Here are Nos. 11-15:
15. OctopussyThere are few who would argue that Roger Moore's later James Bond films were among the best. But a Bond film is a Bond film, and you can always depend on the world's greatest secret agent to provide gorgeous women, killer chase scenes, and over-the-top villains. Octopussy slips into the Bond canon with the comfort of a perfectly tailored tux, saving the world from nuclear terrorists and circus knife-throwers (of course!), and throwing himself safely off airplanes just before they crash. I'm James Bond, bitch! The Cold War intrigue may be a little dated and the lead actor a little creaky, but you can't deny that Octopussy gives its all for the spy movie fan.--CroutonBoy
14. The OutsidersDirected by heavyweight Francis Ford Coppola, The Outsiders starred a bevvy of young actors who went on to become '80s superstars: Tom Cruise, Matt Dillon, Emilio Estevez, C. Thomas Howell, Rob Lowe, Ralph Macchio, and Patrick Swayze. The Outsiders is a gritty coming-of-age story about a group of ruffians from the wrong side of the tracks and their battles with a gang of wealthy rivals. This movie, like Ponyboy, is gold.--Chris
13. Valley GirlThis was my favorite of 1983 and the start of a long string of films (Peggy Sue Got Married, Raising Arizona, Moonstruck, and Vampire's Kiss) that cemented Nicolas Cage one of the '80s most talented actors. Valley Girl was basically Romeo & Juliet with a few tripendiculars and totallys and bitchins taking place of the light breaking through that yonder window. Nicolas Cage is Randy, a "punk" who falls for Valley Girl Julie. None of their friends approve of the relationship, but love conquers all and like 99% of '80s high school movies, the film is tied up in a neat little bow at a prom at the end of the movie. This film might not have ended up at #1 on our list, but it definitely has the best soundtrack of any of these films. So there!--Chris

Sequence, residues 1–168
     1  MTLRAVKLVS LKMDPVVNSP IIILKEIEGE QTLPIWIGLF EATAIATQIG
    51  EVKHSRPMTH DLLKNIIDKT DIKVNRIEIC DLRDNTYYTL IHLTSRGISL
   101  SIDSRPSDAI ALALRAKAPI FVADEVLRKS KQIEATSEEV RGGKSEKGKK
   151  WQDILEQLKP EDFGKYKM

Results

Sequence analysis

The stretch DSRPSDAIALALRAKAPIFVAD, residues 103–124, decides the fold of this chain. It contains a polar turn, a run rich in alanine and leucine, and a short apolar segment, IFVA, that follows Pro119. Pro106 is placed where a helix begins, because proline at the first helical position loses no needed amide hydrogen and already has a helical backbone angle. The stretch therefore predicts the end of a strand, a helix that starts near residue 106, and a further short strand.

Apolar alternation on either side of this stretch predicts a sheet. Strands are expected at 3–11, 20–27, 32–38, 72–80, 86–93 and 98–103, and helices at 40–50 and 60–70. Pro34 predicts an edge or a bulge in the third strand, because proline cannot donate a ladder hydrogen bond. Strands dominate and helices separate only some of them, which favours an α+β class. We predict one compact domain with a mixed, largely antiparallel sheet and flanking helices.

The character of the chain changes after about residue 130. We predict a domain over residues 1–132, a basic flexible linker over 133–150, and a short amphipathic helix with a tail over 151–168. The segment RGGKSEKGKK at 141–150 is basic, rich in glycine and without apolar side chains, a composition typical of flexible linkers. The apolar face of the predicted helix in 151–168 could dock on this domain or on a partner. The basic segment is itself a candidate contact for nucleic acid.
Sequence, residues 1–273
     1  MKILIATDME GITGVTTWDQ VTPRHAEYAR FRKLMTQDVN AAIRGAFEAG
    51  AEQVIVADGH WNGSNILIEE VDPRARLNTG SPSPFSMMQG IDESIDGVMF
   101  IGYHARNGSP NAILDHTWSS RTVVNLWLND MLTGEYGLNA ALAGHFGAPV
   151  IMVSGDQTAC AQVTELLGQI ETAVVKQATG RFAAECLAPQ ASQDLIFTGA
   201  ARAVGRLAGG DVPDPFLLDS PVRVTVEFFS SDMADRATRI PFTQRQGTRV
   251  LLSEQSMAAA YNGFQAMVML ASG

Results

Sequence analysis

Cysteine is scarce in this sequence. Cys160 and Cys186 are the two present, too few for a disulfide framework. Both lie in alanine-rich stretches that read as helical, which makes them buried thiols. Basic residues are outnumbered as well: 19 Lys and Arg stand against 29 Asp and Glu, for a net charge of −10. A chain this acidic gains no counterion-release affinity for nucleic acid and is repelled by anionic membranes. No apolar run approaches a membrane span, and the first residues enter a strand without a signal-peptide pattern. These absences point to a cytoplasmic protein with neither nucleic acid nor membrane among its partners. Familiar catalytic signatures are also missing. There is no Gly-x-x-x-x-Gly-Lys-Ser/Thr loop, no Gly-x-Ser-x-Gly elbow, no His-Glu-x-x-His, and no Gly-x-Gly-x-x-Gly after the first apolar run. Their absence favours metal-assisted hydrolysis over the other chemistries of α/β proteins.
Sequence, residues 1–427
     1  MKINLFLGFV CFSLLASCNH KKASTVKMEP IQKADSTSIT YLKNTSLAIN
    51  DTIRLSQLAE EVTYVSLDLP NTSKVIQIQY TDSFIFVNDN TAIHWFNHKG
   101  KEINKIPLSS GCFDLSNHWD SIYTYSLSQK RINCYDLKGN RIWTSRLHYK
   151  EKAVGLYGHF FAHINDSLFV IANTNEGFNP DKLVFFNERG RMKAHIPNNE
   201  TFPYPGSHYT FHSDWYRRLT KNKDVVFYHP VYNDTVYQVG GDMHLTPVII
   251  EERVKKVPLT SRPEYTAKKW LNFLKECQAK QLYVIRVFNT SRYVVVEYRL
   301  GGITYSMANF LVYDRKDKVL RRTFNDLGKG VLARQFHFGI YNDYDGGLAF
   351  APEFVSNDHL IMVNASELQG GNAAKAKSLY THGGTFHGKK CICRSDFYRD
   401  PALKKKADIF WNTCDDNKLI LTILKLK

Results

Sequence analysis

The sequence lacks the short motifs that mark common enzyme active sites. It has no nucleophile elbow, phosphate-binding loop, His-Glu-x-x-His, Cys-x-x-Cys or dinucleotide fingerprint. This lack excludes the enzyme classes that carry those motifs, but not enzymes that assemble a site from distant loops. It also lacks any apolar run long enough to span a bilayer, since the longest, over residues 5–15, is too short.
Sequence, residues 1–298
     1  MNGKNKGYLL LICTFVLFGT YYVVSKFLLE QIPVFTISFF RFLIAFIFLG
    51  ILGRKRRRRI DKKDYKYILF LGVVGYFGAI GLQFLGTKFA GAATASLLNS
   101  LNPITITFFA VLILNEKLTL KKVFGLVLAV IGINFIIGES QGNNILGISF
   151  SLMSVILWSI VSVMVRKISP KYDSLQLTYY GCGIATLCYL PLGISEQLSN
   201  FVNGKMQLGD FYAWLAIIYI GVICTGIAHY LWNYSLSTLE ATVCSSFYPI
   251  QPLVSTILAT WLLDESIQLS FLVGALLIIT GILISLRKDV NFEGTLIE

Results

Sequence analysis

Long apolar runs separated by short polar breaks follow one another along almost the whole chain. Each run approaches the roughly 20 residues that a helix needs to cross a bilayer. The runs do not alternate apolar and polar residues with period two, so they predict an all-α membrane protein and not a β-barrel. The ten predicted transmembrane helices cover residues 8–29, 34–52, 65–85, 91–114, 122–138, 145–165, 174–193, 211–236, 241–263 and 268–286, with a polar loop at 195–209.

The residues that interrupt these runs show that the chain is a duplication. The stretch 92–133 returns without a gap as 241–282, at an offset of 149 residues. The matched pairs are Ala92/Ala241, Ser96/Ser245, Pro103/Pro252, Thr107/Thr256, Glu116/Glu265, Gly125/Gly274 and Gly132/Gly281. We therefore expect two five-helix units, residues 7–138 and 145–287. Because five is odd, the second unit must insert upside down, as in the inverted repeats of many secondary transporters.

12. Strange BrewThere is nothing I enjoy more than introducing a friend to Strange Brew. It might be my favorite comedy of all time. It's easily (and unfairly) dismissed as a goofy drunk-fest or an overlong comedy sketch (see also: every Saturday Night Live movie except Wayne's World). But it is without question one of the most clever, warm-hearted, and drop-dead hilarious movies I've ever seen. Ever. Bob & Doug McKenzie, Canadian cultural ambassadors, spend the better part of two hours foiling an insidious plot hatched by a nefarious brewmeister (Max Von Sydow, never better) to take over the world with mind-controlling beer. Their methods may be unconventional (a mouse in a bottle, stormtrooper hockey, world-record urination), but it's brilliantly inspired and is rivaled only by Caddyshack in its quotability. Come over tonight, grab a cold one, and we'll watch it together, eh?--CroutonBoy
11. Never Say Never AgainFrom the time I started watching James Bond films, I was told by every Bond fan that Sean Connery was the best of the Bonds. (There had only been three by 1983: Connery, George Lazenby, and Roger Moore.) I was never a huge Connery fan, though. I read all of the novels, and Ian Fleming's Bond was definitely not much like Connery's Bond--at least not from Goldfinger on. Moore wasn't much better (although he did come closer to the literary version of the spy in 1981's For Your Eyes Only). I like George Lazenby a lot--but that's probably because On Her Majesty's Secret Service was almost exactly like the novel--something most of the other films are most decidedly not.
Anyway, I was a big Bond fan by 1983, and it was a summer of two Bond films--the "official" film, Octopussy, and the "unofficial" Warner Bros. film, Never Say Never Again. One of my favorite Connery Bond films of the '60s is Thunderball, and Never Say Never Again is basically a remake of that movie. (Due to a copyright lawsuit that had been going on for about 20 years, Kevin McClory, who co-wrote the original story upon which the book and film versions of Thunderball were based, was allowed to do a one-off Bond film based on his story.)
The result was clearly the winner of the battle of the Bonds in 1983. Whereas the official Bond series had reached its peak of silliness--Octopussy featured a mini-submarine shaped like a crocodile and a battle in which the aging Q battles bad guys from a hot air balloon emblazoned with the British Union Jack--Never Say Never Again was a kind of back to basics Bond that, while still full of gadgets, seemed a lot more down-to-Earth. Connery, 12 years older than he was when he last played Bond in Diamonds Are Forever, was in great physical shape and played the part more seriously than he did in the post-Goldfinger era--and a whole lot less campy than just about all of Roger Moore's outings. This film (finally) showed me why it was that everyone thought he was a great James Bond. Never Say Never Again, although unofficial, more than earned its place as one of the better films in the ongoing Bond franchise.--Dave